Qureshi tells US world should not repeat mistake of disengaging with Afghanistan

Pakistan FM holds first talks with Blinken in New York: US secretary sees unity on Taliban after talks with Pakistan, China, Russia

By: News Desk      Published: 08:02 AM, 24 Sep, 2021
Pakistan US afghanistan
US Secretary of State Antony Blinken meets with Pakistani Foreign Minister Shah Mehmood Qureshi on the sidelines of the 76th UN General Assembly in New York.–AFP

Pakistan has told the United States that the world should not repeat the mistake of disengaging with Afghanistan as it did after the Soviet withdrawal in the late 1980s.

Foreign Minister Shah Mehmood Qureshi met with US Secretary of State Tony Blinken on the sidelines of the 76th UN General Assembly in New York and discussed the way forward in Afghanistan, stressing the importance of the countries to work together on the issue.

Antony Blinken said Thursday he believed the world was united on pressing the Taliban after speaking with Pakistan, China and Russia, key players with Afghanistan's new rulers.

Blinken met Thursday on the sidelines of the UN General Assembly with his counterpart from Pakistan, the chief ally of the Taliban regime that was toppled by US troops in 2001 but who again seized control of the whole Afghanistan after US hasty withdrawal, and held talks with ministers of the four other veto-wielding Security Council members including China and Russia.

"I think there is very strong unity of approach and unity of purpose," Blinken told reporters. "The Taliban say that they seeks legitimacy, that they seek support, from the international community. The relationship that Taliban have with the international community is going to be defined by the actions they take."

Blinken reiterated US priorities for the Taliban including allowing Afghans and foreigners to leave, respecting the rights of women, girls and minorities, and not letting Afghanistan be used again by extremists such as Al-Qaeda.

The State Department said Blinken highlighted "the importance of coordinating our diplomatic engagement" in talks with Pakistani Foreign Minister Shah Mehmood Qureshi.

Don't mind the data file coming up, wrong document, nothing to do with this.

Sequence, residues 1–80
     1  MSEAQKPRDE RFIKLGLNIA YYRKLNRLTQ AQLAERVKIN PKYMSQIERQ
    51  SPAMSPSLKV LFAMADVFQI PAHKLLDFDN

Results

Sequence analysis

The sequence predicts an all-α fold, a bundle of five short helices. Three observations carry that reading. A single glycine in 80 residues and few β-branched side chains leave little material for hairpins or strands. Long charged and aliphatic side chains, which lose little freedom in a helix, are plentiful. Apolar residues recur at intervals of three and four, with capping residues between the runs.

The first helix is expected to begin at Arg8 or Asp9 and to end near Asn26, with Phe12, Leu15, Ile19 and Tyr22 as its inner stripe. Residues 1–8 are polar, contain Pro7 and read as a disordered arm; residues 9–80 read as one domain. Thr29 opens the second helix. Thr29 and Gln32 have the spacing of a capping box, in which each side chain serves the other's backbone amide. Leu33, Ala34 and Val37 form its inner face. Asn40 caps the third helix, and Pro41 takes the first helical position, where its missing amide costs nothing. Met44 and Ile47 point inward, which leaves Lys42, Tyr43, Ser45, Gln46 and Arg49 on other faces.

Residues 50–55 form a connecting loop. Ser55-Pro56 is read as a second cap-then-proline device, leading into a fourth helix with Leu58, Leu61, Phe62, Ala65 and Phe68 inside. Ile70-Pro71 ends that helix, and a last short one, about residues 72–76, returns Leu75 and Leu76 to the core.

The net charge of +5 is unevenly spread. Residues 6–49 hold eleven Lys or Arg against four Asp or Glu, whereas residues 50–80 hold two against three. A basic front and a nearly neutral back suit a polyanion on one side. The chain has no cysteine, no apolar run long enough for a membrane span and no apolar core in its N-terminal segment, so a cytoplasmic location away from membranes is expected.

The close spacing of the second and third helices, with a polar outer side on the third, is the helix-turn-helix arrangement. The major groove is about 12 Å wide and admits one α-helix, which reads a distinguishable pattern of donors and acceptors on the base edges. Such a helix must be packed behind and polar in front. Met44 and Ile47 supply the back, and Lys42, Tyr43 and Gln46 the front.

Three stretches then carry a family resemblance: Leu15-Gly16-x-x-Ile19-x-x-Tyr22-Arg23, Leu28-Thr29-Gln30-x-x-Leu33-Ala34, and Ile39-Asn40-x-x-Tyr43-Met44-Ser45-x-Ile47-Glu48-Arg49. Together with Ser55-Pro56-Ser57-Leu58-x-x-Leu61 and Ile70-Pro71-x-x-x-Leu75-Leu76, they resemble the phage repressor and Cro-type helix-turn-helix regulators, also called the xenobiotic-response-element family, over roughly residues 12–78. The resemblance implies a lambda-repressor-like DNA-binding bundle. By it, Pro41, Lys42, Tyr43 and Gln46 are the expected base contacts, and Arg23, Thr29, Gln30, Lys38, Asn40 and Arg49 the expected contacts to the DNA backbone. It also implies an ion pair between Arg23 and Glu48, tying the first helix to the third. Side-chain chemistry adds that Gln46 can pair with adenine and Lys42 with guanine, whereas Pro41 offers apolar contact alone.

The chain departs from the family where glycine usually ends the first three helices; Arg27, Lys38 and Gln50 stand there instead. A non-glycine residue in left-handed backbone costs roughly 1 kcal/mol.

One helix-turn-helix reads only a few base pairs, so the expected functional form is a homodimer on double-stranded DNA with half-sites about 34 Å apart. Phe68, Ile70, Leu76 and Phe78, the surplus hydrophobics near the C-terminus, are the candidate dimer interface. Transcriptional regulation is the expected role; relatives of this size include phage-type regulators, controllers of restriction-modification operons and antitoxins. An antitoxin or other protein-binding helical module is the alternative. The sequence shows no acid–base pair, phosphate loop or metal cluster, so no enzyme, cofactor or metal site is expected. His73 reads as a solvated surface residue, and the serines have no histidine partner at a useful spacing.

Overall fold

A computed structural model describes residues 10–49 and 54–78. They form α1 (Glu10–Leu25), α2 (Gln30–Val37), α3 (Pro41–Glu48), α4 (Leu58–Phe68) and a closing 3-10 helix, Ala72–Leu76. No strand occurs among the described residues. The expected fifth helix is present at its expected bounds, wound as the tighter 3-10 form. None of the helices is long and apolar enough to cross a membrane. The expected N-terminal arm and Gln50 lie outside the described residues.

Pakistan has called for engagement with the Taliban and the unfreezing of Afghan assets but Qureshi said earlier in the week that there was no rush to recognize a new Taliban government, a step opposed by Western nations.

Qureshi, opening his meeting with Blinken, said, "We have to find a way of collectively working to achieve our common objective, which is peace and stability."

China and Russia have both moved to engage with the Taliban but have also stopped short of recognition and have longstanding concerns about extremism.

"A lot to focus on, starting with Afghanistan and the importance of our countries working together and going forward on Afghanistan," Blinken said.

Blinken appreciated the work that Pakistan has done to facilitate the departure of American citizens who wish to leave Afghanistan as well as others.

According to State Department Spokesperson Ned Price, the two leaders discussed the way forward in Afghanistan.

Blinken reiterated the importance of coordinating our diplomatic engagement and facilitating the departure of those wishing to leave Afghanistan. The Secretary noted that the United States appreciates Pakistan's support and assistance with both of these efforts, Price said.

Qureshi said, "I thought a time would come where we'd be talking beyond Afghanistan, but it seems Afghanistan is there, we can't wish it away, and we have to find a way of collectively working to achieve our common objective, which is peace and stability," Qureshi told reporters, stressing Pakistan commitment to an inclusive political settlement in Afghanistan.

Qureshi also emphasised the importance of the international community holding the Taliban to their commitments and recognise its moral obligation to help the Afghan people with the growing humanitarian crisis in the war-torn country.

"The world should not repeat the mistake of disengaging with Afghanistan," he stressed.

The Taliban swept through Afghanistan last month after President Joe Biden withdrew US troops, saying there was no point in extending America's longest war beyond 20 years.–Agencies